Broad­en­ing hori­zons

Stephen Wol­sten­holme is ready to take his pho­tog­ra­phy up a gear

NPhoto - - Over To You … -

I bought my first D-SLR, a Nikon D3200, when my son was born a cou­ple of years ago, and I started to take a lot of photos of him. I soon dis­cov­ered the joy of cre­ative pho­tog­ra­phy, and of post-pro­duc­tion edit­ing us­ing Light­room.

The main gen­res of pho­tog­ra­phy that I es­pe­cially en­joy are macro and land­scape pho­tog­ra­phy. I re­ally like low-light land­scape pho­tog­ra­phy, but I strug­gle liv­ing in an ur­ban en­vi­ron­ment to find pic­turesque lo­ca­tions within a short dis­tance of my home. I work long hours and have a young son, so spend­ing time with him is very im­por­tant to me. When I have a cou­ple of hours while my son has his nap I take a lot of macro shots, play­ing around with of­f­cam­era flash, light and re­flec­tions to try to make my im­ages unique.

I have re­cently bought a Nikon 50mm f/1.8 and a Tam­ron 90mm macro lens, and love dis­cov­er­ing what can be done with a lit­tle of­f­cam­era flash or a shal­low depth of field, or a long ex­po­sure. I am cur­rently look­ing to in­vest in an ul­tra wide-an­gle lens (pos­si­bly a Sigma 1020mm f/4-5.6) to take my land­scapes to the next level. I have also just sub­scribed to Pho­to­shop CC and have set my­self the chal­lenge to learn how to use this to add that ex­tra fin­ish and ‘wow’ fac­tor to my im­ages, and I am daunted as to where to start.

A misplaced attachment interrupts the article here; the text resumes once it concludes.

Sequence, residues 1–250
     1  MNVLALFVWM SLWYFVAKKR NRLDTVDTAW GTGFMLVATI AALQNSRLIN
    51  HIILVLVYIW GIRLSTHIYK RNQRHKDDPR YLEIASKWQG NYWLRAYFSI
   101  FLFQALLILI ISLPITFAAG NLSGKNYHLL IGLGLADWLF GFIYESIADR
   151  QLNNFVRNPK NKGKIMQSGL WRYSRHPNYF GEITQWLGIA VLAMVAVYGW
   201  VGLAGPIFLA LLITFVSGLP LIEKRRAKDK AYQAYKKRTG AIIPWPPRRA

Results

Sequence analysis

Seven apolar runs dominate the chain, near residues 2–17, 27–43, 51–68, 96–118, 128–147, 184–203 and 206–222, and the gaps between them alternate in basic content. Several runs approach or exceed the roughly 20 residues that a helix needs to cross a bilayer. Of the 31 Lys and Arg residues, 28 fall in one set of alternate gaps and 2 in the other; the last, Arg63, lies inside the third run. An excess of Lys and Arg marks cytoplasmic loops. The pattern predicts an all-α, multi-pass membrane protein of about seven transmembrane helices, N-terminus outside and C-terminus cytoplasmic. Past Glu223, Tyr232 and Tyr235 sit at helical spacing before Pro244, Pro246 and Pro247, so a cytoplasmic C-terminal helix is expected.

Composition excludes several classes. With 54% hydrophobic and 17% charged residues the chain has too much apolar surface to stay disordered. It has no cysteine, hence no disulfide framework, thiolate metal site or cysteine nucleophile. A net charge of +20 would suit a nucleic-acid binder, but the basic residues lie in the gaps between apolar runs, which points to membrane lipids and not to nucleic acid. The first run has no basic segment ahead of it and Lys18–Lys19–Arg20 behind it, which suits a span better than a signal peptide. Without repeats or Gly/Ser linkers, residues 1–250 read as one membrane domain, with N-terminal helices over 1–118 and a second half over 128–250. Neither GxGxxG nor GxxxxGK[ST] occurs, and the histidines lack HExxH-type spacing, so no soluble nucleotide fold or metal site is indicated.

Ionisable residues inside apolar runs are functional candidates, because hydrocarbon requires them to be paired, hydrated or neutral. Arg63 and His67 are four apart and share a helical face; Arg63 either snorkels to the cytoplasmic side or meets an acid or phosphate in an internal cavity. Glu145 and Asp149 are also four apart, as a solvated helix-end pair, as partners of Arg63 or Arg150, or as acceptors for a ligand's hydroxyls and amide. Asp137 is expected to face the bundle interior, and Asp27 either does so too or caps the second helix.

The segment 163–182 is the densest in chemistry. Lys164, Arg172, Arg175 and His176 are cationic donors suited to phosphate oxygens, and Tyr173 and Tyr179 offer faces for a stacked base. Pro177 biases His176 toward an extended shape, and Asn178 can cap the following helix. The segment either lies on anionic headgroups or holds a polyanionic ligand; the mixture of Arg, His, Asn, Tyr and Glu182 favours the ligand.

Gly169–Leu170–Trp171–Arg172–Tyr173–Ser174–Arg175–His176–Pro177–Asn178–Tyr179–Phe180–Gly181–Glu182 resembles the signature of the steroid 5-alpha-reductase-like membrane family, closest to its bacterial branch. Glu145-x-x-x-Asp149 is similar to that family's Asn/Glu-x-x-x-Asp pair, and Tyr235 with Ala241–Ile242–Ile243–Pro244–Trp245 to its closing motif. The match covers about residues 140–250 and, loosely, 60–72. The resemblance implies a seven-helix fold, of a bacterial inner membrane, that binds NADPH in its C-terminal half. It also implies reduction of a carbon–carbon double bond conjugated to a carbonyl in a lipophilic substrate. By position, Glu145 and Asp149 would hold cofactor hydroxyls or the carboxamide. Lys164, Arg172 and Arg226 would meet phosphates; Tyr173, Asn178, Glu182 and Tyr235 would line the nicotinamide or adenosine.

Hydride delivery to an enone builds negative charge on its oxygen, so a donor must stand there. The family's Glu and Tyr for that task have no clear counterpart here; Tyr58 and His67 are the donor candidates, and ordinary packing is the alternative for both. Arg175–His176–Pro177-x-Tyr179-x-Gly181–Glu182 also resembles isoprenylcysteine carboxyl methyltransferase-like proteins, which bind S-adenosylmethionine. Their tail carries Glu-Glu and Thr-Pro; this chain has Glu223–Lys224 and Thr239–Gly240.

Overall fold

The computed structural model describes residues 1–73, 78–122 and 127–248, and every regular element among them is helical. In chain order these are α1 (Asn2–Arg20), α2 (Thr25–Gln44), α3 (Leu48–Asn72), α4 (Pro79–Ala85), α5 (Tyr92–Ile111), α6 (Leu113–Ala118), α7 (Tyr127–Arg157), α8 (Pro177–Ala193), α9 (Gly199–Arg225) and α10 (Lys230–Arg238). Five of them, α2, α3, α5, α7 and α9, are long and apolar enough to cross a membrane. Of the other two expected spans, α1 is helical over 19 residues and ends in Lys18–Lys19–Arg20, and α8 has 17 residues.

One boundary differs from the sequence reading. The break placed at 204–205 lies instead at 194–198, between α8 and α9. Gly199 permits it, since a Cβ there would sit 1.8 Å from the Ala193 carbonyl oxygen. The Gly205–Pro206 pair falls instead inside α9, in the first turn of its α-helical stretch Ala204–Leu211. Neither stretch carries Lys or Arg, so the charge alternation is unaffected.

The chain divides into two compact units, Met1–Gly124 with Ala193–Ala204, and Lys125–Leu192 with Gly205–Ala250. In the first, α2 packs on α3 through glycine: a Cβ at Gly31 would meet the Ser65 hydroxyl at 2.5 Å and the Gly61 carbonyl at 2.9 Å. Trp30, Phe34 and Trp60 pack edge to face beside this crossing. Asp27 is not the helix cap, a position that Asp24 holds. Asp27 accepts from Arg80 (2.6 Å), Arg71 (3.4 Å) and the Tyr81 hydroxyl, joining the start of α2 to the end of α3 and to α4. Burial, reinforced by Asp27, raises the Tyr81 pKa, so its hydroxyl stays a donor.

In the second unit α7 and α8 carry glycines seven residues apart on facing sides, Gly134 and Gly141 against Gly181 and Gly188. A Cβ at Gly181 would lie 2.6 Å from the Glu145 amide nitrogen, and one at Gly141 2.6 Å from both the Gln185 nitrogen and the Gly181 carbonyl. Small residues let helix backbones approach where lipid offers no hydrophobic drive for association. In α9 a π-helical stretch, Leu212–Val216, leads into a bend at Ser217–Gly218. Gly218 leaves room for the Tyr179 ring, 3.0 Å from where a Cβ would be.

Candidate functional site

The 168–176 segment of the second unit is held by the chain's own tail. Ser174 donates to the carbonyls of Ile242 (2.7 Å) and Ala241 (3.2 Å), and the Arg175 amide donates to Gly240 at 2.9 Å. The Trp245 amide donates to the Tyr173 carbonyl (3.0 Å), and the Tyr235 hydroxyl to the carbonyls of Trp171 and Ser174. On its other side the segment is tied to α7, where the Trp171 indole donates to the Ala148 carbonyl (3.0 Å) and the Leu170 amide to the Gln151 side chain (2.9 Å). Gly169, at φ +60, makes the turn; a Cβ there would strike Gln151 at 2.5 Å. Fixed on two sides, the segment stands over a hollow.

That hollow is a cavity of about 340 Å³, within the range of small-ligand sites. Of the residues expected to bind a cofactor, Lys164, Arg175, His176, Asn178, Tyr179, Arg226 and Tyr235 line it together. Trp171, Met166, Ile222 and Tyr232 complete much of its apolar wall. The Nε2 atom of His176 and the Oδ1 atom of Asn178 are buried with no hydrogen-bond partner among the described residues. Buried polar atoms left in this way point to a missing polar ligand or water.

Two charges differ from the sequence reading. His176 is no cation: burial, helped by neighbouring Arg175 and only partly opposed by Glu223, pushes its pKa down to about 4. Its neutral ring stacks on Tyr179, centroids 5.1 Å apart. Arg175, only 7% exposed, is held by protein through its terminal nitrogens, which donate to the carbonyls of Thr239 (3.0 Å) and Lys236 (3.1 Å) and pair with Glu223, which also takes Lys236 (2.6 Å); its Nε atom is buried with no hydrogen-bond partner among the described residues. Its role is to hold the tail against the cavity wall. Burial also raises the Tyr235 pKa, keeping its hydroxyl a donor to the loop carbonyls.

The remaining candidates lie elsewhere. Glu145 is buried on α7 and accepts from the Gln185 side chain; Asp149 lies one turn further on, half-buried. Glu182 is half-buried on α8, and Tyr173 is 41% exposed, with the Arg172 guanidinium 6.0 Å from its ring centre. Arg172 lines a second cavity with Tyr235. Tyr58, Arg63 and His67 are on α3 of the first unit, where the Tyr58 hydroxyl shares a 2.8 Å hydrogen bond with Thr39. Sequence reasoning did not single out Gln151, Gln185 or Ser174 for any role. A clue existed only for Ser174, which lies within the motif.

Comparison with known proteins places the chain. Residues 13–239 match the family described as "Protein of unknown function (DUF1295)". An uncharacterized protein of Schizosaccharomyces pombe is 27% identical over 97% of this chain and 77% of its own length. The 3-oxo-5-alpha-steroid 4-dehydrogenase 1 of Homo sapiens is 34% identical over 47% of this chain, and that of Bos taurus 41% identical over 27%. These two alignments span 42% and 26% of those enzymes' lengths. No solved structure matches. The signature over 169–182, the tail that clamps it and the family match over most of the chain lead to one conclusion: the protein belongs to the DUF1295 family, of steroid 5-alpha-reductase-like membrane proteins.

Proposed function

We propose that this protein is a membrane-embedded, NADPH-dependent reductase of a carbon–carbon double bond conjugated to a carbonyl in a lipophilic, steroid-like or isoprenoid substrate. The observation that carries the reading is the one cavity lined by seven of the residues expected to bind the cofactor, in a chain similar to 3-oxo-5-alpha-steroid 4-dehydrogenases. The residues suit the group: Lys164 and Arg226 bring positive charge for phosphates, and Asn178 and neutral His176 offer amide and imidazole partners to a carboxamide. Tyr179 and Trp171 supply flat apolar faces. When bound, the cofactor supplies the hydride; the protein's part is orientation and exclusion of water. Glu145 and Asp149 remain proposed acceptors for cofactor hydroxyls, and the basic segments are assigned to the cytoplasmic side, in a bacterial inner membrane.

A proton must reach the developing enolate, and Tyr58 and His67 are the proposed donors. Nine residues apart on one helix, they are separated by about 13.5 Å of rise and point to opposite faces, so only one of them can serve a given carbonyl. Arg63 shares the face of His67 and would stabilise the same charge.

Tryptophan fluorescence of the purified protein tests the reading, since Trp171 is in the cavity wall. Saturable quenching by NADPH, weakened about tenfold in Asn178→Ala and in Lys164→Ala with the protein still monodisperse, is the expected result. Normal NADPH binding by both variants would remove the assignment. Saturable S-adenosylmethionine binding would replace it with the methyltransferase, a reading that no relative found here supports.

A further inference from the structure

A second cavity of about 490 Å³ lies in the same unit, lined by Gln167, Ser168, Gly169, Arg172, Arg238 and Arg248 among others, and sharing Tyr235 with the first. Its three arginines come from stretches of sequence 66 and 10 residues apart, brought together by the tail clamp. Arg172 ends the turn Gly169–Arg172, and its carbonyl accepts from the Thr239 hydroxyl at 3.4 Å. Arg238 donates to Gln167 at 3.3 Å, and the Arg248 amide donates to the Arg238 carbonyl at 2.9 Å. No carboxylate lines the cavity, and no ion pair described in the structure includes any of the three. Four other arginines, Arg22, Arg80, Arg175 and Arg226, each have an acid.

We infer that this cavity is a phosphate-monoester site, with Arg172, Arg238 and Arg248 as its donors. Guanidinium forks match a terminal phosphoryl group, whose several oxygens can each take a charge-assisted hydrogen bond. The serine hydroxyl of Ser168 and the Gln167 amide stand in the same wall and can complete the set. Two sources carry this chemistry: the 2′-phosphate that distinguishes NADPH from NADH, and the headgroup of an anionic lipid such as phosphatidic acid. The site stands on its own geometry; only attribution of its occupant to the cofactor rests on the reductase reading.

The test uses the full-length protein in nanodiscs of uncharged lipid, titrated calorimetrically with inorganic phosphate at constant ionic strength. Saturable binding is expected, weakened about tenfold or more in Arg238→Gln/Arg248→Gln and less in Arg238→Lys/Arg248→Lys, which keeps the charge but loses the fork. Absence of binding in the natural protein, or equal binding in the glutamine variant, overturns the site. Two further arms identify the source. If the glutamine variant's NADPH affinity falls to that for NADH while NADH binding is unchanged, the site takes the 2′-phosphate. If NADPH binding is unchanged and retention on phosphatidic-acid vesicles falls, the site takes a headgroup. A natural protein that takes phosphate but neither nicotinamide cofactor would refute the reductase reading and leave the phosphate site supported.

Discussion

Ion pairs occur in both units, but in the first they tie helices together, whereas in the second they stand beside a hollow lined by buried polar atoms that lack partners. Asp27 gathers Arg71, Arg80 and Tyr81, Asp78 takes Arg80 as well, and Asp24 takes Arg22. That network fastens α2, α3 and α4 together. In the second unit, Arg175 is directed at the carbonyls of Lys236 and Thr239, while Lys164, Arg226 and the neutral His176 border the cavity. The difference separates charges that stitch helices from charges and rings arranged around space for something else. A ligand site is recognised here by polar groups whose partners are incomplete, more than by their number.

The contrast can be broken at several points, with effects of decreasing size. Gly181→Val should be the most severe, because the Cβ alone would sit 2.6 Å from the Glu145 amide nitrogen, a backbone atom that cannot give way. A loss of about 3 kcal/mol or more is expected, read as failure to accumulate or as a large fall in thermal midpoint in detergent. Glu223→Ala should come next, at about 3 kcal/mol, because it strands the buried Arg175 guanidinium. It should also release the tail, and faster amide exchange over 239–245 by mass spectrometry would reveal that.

Your land­scapes are nicely com­posed, and you’ve got the knack of wait­ing for the light. It might be worth get­ting a set of ND grads. In one of your sunset shots, the sil­hou­et­ting of Brighton’s derelict pier works be­cause the sea is re­flect­ing the bright­ness of the sky, but in sit­u­a­tions where the fore­ground is darker (if you’re shoot­ing a sunset over a land­scape, for ex­am­ple), a grad­u­ated neu­tral den­sity fil­ter would help bal­ance the ex­po­sure.

Be­ware of the back­ground in back­lit por­traits – the shot of your son has lovely edge light­ing, but the sil­hou­ette of a tree trunk be­hind him is too close in tone, and de­tracts from his shape. A cou­ple of steps left or right would have avoided this.

As you en­joy macros and live in an ur­ban en­vi­ron­ment, have you con­sid­ered try­ing a se­ries of out­door macros? Walls, ar­chi­tec­tural de­tails, wooden doors and fences and so on all make great sub­jects for macros, in colour or black and white. Also, the nar­row plane of fo­cus macro lenses pro­duce can take a lit­tle time to get used to, so static sub­jects are per­fect to start with.

Now you’re a sub­scriber to CC, don’t for­get to try our Pho­to­shop pro­ject each month! We sup­ply the im­ages you need, and fol­low­ing the in­struc­tions in the mag­a­zine or on the disc will re­ally help you get to grips with its pow­er­ful tools, so you’ll be ready to try new tech­niques out on your own photos.

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